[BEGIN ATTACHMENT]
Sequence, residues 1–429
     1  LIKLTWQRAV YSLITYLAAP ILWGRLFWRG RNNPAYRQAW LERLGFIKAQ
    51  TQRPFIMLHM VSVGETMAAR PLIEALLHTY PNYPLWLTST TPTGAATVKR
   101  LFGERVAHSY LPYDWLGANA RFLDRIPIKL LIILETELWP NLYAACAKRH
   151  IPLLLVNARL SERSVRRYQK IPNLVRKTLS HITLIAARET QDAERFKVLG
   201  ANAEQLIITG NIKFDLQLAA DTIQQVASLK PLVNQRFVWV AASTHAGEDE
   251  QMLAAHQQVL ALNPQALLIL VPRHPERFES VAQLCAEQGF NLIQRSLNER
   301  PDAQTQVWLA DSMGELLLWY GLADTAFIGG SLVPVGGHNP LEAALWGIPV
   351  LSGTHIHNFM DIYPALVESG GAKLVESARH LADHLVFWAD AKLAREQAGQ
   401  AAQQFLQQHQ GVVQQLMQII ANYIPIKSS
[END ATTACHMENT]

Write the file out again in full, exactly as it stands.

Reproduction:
Sequence, residues 1–429
     1  LIKLTWQRAV YSLITYLAAP ILWGRLFWRG RNNPAYRQAW LERLGFIKAQ
    51  TQRPFIMLHM VSVGETMAAR PLIEALLHTY PNYPLWLTST TPTGAATVKR
   101  LFGERVAHSY LPYDWLGANA RFLDRIPIKL LIILETELWP NLYAACAKRH
   151  IPLLLVNARL SERSVRRYQK IPNLVRKTLS HITLIAARET QDAERFKVLG
   201  ANAEQLIITG NIKFDLQLAA DTIQQVASLK PLVNQRFVWV AASTHAGEDE
   251  QMLAAHQQVL ALNPQALLIL VPRHPERFES VAQLCAEQGF NLIQRSLNER
   301  PDAQTQVWLA DSMGELLLWY GLADTAFIGG SLVPVGGHNP LEAALWGIPV
   351  LSGTHIHNFM DIYPALVESG GAKLVESARH LADHLVFWAD AKLAREQAGQ
   401  AAQQFLQQHQ GVVQQLMQII ANYIPIKSS